Teal: Hi, Tom. This is Teal Tan, you know, from Calgary, Alberta. As always, I loved the podcast and everything you do for fly fishing, fly-fishing community. I have a question regarding some videos I've been watching due to your suggestions. I've really gotten into "Jazz & Fly Fishing." I think the content is great. And it's very entertaining to watch.
One thing I've noticed is these Scandinavian boys seem to lose a lot of fish once they've hooked up. I've also noticed that they tend to hold their rods well above their heads. At some points, the rod is above their head, full arm extended, and they're leaning back to get even more reach, I suppose.
Now, you must know that I'm also absolutely infatuated with Dave and Amelia Jensen. And something I've learned from them that I find very useful is the side rod. They're always suggesting to play the fish with the rod, load the water, and off to the side.
I used to always raise the rod up in typical trout set, if you will. And I found that the rod to the side makes it a lot easier to keep a fish on the line and land the fish. I'm wondering why do the boys in "Jazz & Fly Fishing" hold the rod so high in the air? Is this a Scandinavian technique? Or am I missing something? Is that beneficial? Is it just a preference of style? What's going on? Could you maybe explain a little more the benefits of holding the rod so high? Or do you feel that the side rod technique is better?
Thank you for your time, and I hope to hear this on the podcast.
Tom: So, Teal, I don't know why Scandinavians hold the rod so high, but the fact they hold the rod so high is probably why they lose a lot of fish. I don't know if it's a cultural thing or... You know, there's no right or wrong way in fly fishing, everybody has their different styles. Generally, we find that by keeping your rod at a low angle, it's much easier to control a fish. And it's much easier to fight a fish quickly, play them quickly and efficiently, and get them into with a low rod angle.
The only thing I can think of is, perhaps, when I watched those same videos, I think there's a lot of weeds in the water. And if you have a lot of weed in the water or logs or things, you do sometimes have to keep your rod high to keep the fish out of the weeds. So, that may be why they're doing it just to keep the fish from burying their heads in the weeds and twisting your leader around the weeds.
But again, you know, there's all sorts of different styles of fly casting and playing fish and choosing flies, and there's no right or wrong way. So, Scandinavians have their way, and we have our way.
So my guest today is John MacMillan. John has been on the podcast a number of times because I love talking to John. We always have such fun conversations. John is a fish biologist, a world-renowned fish biologist. And today we're gonna talk about trout and some [inaudible 00:46:21], and water temperature. How's that sound, John?
John: It sounds awesome. And, Tom, thanks for having me on again. You know, I think the feeling is mutual. I have a Tom Rosenbauer admiration place in my mind and heart for all the good stuff you've done.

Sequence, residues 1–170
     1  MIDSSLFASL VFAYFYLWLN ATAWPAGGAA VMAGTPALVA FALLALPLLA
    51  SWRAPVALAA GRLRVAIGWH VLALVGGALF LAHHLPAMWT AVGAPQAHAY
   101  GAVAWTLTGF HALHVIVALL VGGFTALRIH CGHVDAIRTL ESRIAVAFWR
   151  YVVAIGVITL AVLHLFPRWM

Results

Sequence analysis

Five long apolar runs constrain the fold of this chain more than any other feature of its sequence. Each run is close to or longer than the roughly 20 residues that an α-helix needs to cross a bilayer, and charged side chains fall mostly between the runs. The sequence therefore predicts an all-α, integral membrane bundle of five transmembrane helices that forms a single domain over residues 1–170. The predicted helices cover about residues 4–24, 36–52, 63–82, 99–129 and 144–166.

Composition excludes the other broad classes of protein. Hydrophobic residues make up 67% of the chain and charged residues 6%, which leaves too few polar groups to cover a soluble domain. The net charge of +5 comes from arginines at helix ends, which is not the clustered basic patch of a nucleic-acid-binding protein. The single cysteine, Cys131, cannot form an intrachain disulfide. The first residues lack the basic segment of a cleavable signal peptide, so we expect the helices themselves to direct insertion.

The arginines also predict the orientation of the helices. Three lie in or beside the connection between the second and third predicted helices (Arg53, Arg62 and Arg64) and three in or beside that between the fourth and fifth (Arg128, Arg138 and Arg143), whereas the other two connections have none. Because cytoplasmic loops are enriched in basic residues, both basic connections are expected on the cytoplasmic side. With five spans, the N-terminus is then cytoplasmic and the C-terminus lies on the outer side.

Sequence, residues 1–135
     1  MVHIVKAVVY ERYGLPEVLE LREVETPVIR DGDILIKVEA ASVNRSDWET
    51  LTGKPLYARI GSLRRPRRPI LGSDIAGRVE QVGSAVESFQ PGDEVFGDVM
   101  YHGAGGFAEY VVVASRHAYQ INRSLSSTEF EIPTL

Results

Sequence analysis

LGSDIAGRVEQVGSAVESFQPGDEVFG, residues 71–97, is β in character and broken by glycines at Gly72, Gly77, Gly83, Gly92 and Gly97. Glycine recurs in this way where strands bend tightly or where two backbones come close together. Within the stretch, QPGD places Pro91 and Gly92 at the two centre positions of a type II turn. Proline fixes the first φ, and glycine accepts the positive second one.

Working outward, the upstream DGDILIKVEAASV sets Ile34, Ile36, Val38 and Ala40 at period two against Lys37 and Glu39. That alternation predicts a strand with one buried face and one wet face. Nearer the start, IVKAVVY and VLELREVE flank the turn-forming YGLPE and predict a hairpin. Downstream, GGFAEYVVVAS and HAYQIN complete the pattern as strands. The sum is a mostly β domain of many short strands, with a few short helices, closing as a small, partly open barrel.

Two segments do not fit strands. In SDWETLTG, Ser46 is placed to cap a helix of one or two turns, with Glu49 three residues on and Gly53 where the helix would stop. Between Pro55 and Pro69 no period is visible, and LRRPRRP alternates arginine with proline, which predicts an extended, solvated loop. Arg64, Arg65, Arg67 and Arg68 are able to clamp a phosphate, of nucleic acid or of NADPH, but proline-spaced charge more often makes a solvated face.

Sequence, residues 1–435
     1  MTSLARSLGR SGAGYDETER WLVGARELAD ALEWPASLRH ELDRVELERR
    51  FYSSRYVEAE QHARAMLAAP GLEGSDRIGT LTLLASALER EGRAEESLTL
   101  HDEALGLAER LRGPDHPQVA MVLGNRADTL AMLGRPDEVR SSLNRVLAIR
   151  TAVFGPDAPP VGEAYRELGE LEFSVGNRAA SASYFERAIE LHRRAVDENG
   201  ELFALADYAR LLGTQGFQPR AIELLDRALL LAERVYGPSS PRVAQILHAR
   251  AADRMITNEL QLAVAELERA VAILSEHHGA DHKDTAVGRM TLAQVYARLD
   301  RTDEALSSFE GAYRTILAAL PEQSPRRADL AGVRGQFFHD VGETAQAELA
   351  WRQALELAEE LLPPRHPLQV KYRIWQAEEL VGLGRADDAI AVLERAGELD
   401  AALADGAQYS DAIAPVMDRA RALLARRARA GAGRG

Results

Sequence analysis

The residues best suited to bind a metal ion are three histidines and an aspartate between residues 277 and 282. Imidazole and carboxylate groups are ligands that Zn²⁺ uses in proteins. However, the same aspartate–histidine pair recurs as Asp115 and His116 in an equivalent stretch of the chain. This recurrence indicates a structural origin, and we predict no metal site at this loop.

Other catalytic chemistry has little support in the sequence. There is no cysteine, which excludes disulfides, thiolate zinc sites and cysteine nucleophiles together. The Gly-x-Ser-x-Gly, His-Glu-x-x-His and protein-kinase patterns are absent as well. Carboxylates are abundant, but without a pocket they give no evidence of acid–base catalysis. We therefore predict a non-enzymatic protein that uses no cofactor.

Tom: Oh, thank you, John.
John: Yeah, you deserve it. You deserve it. You know, I mean, yeah, you're just a quality human being, Tom.
Tom: Well, thank you. Thank you. You haven't fished with me yet. I'm a real jerk on trout stream, though.
John: That's what I've heard though. I mean, I guess, you know, people would say the same about me, "It's all good on the phone until you get on the river. You're a jerk."
Tom: Yeah. All right. So let's start talking about water temperature. And we'll talk about trout and water temperature in general.
John: Yeah, I mean, to me, it's interesting and it's really topical. I mean, I think out here, where I live in the Pacific Northwest, we just had the worst heatwave, you know, in recorded history, right? Temperature is up to 117 degrees.
Tom: Oh, my God.
John: And our stream is going up to and exceeding 70 degrees already. In fact, we had... And I don't want to be all negative news, but, you know, I think the Chehalis River got over 80 degrees, and there were fish kills on the Chehalis. So, you know, it's an interesting time, right? As we talk about this, with you and I having a history of being anglers and trout fishing in lots of places across the West, I'm always amazed on how rapidly things are changing.
But I go back to, I think, water temperature, and I always call this. To me, it's kind of the master variable for all fish because it really does control their metabolism. What I mean by that is that metabolism is kind of the fish's ability. Once that food goes down its mouth and into the stomach, it's basically how efficient and how quickly an individual converts all of that food and calories into growth, right, so whether it's gonna grow and put on some muscle mass, or maybe store some fat.
And generally, what we see is that, as water temperatures increase, the metabolism, of course, of these fish tends to increase, which means that they need more food as water temperatures increase. And vice versa, as temperatures get cooler, you need less food because, you know, the motor is not running as hot.